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Profile: thar
User Name: thar
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Joined: Thursday, July 8, 2010
Last Visit: Saturday, November 16, 2019 8:39:13 PM
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  Last 10 Posts
Topic: goddamn it
Posted: Saturday, November 16, 2019 7:46:26 AM

For some reason, expletives in English come in three forms:
Sex - 'fucking' is no so common in the language you can hear people using it before practically every word in a sentence. Not good and very boring.
Bodily fluids - 'shit' is the most common version but people can get more inventive.
Religion - bloody hell, damn
Since until quite recently this was not acceptable, many 'alternatives' have arisen, like 'gosh darn' (for 'God damn') and 'blimey' (God blind me) heck (hell). But now a lot of people just use religious references - god, Jesus / Jeez, goddamn it.

I do not suggest you emulate the trend for any of these, however much you want your English to sound collquial. Whistle
Topic: forceful emotion
Posted: Saturday, November 16, 2019 4:50:03 AM
Tara2 wrote:
(it is ridiculous for young children to be taught the entire grammar terminology - they must spend more time on that than on actually improving their language skills!)

Why is it ridiculous?

I am talking about the teaching of English in schools in England (the curriculum is different in Wales, Scotland and Northern Ireland so I am just referring to England).

Schoolchildren used to learn the basics of grammar terminology - nouns, verbs, adverbs, adjectives, participles. Children who spoke English all the time just learnt naturally how sentences are structured and what sounds right. Students studying English language at a more senior level learnt some more technical grammar terminology.

edit- you do need to teach the names of punctuation marks so you can refer to them, so I am not saying teaching that is bad. Just the level of detail that children have been taught grammar has been too much.

But recently the teaching of English has changed so young children are supposed to learn the name of grammatical structures, and the tests for young children include questions where you need to know what it is called. I speak fluent English but there are questions on a test for primary school children I would not be able to answer because I don't know what a 'fronted adverbial' is.

For adult learners maybe that is useful, (though I doubt it) but for young children? It is just another chore to learn complex terms they probably don't understand. They learn by listening and talking and reading and writing.

You don't learn to ride a bike by studying the physics of it - you learn it by riding it - the physics of leaning inwards when you ride round a bend just becomes instinctual.

I think they might have changed the syllabus a bit now because there was such a backlash against the way schools were teaching English.

Pity our children – they’re being turned into grammar robots at school
Gaby Hinsliff

From adverbials to digraphs, the damage done by the government’s imposition of grammatical techniques is now there for all to see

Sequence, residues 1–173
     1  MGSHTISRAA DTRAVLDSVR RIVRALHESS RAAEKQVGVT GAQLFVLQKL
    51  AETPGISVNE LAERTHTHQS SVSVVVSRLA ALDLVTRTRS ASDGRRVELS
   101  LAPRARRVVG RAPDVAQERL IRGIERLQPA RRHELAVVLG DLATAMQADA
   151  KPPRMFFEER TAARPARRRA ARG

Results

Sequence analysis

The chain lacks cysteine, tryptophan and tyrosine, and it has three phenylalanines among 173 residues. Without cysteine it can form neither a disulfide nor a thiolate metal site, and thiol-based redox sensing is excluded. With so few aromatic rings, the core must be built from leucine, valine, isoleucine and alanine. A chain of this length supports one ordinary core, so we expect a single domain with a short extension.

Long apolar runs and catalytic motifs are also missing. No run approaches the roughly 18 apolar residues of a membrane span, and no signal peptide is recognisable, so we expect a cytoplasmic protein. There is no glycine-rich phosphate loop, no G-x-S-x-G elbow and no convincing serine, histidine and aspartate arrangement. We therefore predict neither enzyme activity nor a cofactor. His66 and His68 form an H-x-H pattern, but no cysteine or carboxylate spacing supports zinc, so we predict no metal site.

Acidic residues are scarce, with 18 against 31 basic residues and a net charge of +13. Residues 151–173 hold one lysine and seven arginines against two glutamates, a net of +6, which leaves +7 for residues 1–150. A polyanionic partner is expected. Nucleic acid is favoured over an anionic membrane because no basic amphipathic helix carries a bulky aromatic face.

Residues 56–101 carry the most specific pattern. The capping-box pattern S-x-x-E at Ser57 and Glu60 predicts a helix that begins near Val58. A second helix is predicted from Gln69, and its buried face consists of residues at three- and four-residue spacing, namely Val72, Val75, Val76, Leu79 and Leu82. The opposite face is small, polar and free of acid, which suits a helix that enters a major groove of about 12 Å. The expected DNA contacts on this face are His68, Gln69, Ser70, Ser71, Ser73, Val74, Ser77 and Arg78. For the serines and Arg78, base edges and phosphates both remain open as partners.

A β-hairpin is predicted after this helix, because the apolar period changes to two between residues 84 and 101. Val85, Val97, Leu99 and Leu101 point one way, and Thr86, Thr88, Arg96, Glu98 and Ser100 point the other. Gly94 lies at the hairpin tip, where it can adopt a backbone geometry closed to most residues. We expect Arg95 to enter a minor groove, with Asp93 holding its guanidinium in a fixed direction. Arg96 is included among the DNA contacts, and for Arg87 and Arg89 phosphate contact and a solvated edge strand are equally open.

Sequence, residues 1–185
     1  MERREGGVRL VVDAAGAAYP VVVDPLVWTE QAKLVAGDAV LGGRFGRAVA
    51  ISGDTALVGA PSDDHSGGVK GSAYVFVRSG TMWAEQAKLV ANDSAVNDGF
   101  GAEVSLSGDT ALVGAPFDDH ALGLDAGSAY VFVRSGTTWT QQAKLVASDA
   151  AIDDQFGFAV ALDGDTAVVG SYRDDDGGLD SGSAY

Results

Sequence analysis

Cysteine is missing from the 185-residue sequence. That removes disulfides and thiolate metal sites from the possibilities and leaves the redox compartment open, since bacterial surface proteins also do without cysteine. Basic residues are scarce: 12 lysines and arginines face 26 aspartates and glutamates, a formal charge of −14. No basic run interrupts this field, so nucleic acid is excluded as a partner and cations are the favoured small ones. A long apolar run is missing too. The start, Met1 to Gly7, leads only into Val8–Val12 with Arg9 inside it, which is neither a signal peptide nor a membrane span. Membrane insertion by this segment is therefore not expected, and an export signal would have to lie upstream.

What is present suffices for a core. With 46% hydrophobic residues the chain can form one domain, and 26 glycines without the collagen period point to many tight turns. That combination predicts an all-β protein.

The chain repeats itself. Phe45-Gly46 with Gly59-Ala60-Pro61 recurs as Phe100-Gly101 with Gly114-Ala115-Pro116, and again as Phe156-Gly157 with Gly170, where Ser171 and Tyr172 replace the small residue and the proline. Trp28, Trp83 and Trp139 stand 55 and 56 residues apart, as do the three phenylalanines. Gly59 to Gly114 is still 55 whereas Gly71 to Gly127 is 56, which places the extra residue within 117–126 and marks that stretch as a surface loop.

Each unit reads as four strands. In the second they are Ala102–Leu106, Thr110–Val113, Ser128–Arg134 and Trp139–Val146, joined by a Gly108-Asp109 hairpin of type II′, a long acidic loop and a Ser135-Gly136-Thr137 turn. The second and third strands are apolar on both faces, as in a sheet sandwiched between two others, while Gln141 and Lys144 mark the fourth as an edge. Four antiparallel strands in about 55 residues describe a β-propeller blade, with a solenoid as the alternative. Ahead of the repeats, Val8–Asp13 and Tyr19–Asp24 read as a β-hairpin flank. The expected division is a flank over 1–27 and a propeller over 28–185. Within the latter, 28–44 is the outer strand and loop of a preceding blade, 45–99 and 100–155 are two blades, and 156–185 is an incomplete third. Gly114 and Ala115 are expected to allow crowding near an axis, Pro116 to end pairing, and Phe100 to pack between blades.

Wed 10 May 2017 07.00 BSTLast modified on Tue 28 Nov 2017 00.31 GMT

‘Writing matters – even for those who will never make a living primarily from it.’

If you have no idea what fronted adverbials or split digraphs mean, beyond thinking that they sound unpleasantly medical, then you almost certainly don’t have a small child. For along with expanded noun phrases and the present perfect, they’re all grammatical terms that children aged 11 and under are required to identify and master as part of a new English curriculum seemingly designed to strangle at birth any love of writing.

These reforms are beginning to look like a recipe for churning out children who can name all the component parts of writing but barely know how to use them, and see vanishingly little pleasure in doing so. This isn’t bringing language to life but dissecting its cold corpse. All of which helps explain why I have read few things more enraging lately than an article in the Guardian analysing just how this indigestible stodge found its way on to the primary school menu.

The panel, assembled by Michael Gove when he was education secretary to advise on his new English curriculum, had little experience of primary education, and was thus “a bit unconfident” about pronouncing on it, according to Dick Hudson, an emeritus professor of linguistics at University College London and a leading panel member. Yet reading this account, one wonders if they were quite unconfident enough. Did Hudson see any evidence that making small children absorb all this grammatical terminology was developmentally appropriate? “No, there was no evidence, and we were guessing.” Just guessing! And while he still believes they guessed right, a groundswell of opinion among teachers, parents and even some of his fellow experts suggests otherwise.

Last week the education select committee concluded that the evidence did not show that teaching specific grammatical techniques improved writing; and it recommended that the new Spag – spelling, punctuation and grammar – tests should no longer be mandatory for older primary schoolchildren.
Geoff Barton, the incoming head of the Association of School and College Leaders and another panel member, has described the tests as woeful. Ask around any school gate, and the adjectives are less polite. Whoever is education secretary after June will face growing pressure to act.

I’m all for spelling tests and timetables, and being taught to put a full stop or apostrophe in the right place is hardly the stuff of educational oppression. Nor is it automatically a cause for alarm if children seem to be learning things that my generation never did, or grappling with the value of pi or the meaning of photosynthesis at a rather earlier age. That’s progress for you.